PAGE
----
SOUNDS: The Sucker Punch soundtrack features a handful of alt-rocking songs, but none of them are played in a straight forward sense. Every song is a cover, from Alison Mosshart and Carla Azar’s cover of the Beatles’ “Tomorrow Never Knows” to Skunk Anansie’s cover of Iggy Pop and the Stooges’ “Search and Destroy.” There are a couple of mash-ups in the soundtrack, but thankfully they do not achieve the awkward feeling that the Just Go For It soundtrack gave a couple months ago. The Pixies’ popular song “Where Is My Mind?” is given yet another rendition, this one extremely breathy and prominent throughout the movie. The soundtrack provides Sucker Punch even more of an odd tone to its pop art potential, but the songs by themselves aren’t very significant. Instead, their random implementations are a bit distracting to the other nutty things happening in the movie. Score: 4


BEST SCENE: Snyder’s "slow-fast-slow" motion alteration looks the best in the train-bomb sequence, which features some very fluid butt-kicking as borne from impressive fight choreography. To top it off, the camera captures Babydoll’s moves in what appears to be one shot. Cool.

ENDING: We learn who the real story is about. But we still don't know what it’s all about.

QUESTIONS: I’ll keep it simple: What the hell could Babydoll’s dances feature that makes them so hypnotic? And of course, how much does drug abuse play a part in Snyder’s filmmaking process? First we had medieval epic owls, and now this? Why is this movie called Sucker Punch?

REWATCHABILITY: Sucker Punch’s action scenes hold some replay value, but a large chunk of everything else really doesn’t. This isn’t a movie I’d see again on my accord, but I’d go with a friend if just to attempt to maybe unscramble a few things ... if that’s even possible.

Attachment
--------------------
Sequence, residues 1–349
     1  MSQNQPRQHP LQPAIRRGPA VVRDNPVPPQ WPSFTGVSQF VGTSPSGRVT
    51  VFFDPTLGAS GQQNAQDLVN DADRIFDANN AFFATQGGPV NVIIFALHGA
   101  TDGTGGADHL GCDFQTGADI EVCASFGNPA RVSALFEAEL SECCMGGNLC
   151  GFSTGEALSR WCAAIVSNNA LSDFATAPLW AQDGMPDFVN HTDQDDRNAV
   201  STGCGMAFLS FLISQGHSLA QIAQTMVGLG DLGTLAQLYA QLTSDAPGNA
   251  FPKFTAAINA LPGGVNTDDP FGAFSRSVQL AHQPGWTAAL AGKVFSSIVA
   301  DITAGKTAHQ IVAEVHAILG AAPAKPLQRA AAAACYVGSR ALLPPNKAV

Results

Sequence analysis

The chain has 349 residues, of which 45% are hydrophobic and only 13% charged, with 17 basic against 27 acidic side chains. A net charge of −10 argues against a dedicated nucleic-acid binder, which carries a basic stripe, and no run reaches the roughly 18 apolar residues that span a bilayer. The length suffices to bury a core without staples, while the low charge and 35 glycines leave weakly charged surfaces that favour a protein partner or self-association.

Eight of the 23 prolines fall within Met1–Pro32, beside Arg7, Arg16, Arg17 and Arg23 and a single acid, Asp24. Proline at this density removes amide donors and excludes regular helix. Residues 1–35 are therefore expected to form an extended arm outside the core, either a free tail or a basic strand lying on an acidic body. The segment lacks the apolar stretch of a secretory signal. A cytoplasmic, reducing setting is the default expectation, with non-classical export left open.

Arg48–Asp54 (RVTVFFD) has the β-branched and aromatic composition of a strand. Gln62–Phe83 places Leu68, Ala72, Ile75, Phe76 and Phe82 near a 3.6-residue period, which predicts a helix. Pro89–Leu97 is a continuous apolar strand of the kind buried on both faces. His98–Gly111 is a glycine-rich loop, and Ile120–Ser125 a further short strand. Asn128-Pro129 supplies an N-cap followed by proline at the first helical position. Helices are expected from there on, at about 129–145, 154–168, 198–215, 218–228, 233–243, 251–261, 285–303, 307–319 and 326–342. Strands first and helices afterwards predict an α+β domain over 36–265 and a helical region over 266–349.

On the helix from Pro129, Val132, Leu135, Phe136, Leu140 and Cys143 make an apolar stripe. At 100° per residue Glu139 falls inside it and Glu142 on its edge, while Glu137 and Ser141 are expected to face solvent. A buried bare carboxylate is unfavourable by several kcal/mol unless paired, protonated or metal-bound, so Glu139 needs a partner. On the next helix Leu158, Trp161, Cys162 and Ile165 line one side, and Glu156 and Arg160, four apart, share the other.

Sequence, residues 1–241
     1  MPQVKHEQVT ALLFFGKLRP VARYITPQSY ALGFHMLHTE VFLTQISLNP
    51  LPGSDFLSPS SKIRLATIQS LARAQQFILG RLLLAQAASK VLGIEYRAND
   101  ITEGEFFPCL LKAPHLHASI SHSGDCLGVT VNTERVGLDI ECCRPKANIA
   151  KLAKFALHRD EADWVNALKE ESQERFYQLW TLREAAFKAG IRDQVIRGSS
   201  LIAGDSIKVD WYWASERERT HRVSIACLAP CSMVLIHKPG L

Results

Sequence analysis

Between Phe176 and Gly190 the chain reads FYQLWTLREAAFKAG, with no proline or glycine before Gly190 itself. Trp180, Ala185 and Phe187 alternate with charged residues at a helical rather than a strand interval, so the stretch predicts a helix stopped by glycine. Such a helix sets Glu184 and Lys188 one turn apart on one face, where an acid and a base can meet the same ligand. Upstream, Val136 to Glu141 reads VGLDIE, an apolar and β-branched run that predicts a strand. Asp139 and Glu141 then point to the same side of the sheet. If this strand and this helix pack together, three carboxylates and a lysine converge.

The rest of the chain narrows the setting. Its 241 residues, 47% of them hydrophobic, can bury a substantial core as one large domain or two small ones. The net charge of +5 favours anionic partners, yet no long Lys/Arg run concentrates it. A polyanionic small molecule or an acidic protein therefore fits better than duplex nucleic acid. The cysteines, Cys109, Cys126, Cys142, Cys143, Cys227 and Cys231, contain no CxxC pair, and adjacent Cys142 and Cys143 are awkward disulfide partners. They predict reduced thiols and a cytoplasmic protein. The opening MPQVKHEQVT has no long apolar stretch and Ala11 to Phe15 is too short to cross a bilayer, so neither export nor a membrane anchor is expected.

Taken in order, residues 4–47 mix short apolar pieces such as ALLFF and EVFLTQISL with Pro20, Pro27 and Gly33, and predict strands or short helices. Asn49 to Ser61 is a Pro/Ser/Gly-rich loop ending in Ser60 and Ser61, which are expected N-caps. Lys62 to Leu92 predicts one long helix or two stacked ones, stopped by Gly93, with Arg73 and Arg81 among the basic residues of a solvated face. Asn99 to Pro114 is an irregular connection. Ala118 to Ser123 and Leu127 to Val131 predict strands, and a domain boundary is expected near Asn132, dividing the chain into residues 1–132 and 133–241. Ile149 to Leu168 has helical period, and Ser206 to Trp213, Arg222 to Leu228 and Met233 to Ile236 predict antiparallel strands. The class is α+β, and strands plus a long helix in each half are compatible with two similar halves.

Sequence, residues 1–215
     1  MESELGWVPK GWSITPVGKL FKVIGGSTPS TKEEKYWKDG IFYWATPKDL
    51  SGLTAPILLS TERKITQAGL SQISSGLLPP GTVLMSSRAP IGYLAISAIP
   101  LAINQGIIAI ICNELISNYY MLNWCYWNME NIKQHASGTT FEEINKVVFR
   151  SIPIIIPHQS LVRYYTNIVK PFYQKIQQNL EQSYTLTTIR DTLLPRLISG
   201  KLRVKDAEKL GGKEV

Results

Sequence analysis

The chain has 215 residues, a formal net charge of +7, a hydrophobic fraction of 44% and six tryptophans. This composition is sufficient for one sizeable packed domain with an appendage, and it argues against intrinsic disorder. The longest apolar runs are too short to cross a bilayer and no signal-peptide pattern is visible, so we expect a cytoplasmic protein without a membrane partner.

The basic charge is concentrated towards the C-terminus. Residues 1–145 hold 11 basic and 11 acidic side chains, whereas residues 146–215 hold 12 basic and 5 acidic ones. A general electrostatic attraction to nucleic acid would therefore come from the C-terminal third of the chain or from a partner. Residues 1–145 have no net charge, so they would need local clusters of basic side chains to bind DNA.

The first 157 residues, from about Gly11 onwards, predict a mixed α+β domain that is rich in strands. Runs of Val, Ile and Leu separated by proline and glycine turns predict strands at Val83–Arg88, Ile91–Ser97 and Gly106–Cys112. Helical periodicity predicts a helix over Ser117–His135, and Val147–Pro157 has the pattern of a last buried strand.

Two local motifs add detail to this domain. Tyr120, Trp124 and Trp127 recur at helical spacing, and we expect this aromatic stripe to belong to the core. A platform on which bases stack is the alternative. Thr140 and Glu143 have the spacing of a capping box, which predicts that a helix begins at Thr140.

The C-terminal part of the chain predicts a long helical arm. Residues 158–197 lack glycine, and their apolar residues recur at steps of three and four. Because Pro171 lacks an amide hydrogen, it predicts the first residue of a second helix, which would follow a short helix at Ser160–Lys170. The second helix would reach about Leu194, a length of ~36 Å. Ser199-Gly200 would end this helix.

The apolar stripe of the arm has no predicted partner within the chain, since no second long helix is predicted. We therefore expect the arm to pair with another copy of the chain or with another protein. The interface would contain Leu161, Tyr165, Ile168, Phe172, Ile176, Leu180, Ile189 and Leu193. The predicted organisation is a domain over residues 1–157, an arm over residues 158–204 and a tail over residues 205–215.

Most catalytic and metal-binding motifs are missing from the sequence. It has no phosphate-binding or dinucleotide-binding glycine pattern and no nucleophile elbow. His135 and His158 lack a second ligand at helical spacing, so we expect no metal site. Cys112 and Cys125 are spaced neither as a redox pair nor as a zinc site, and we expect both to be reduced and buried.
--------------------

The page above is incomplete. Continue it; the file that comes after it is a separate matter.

A submission to the same unofficial directorial d*ck measuring contest that Michael Bay participated in with his Transformers: Revenge of the Fallen, Sucker Punch has the accredited action auteur/special effects slave Snyder playing with his toys to his heart’s content, in whatever manner he feels like. Not having to futz around within the bounds of an adaptation (as with Watchmen, Dawn of the Dead etc.), he can let his pop impulses fly, allowing the slow motion to dominate his non-sensical action scenes as the movie’s general craziness goes from “What?” to "What the hell?" to “What the f**k?” and so on and so on, until your brain pops (or your inner 12-year-old bursts out of your chest like in Alien).

In this way, Snyder’s attempt at making a “babes in gunland” action movie to satisfy his inner-Russ Meyer is a lot like Spike Lee’s She Hate Me. Like Lee’s peculiar 2004 film, Sucker Punch apparently has some personal corners (its “Love is the Drug” credit song is complimented with a dedication to Marsha Snyder, whom I assume is his mother). At the same time, Sucker Punch is really only significant to the rest of Snyder’s filmography. If it were by someone else, it would be ultimately head-scratched out of moviegoer conscience. And strangely by possible coincidence, the comparative She Hate Me also presents women in a very, very questionable light of "empowerment" (it’s about a heterosexual man who is hired to impregnate lesbians).

Non-sexually speaking, Snyder makes his toys seem like something we want to play with too. Meaning, Sucker Punch shouldn’t be a movie so much as a video game, as it's fit perfectly for the format. Snyder's method of morphing his movies into action sequence mixtapes (watch 300 and tell me I'm wrong) continues proudly here, and feels more like the levels of a video game. They even come with the aforementioned mission briefings that we skip over in boring cut scenes.  Even better, the logic of video games is quite accepting of ridiculous story concepts that are wildly followed through with. The crazy Sucker Punch would be right at home, without desperately needing multiple lobotomies.


Episode 52: Movie B.S. with Bayer and Snider - Zack Snyder's 'Sucker Punch'

Another Earth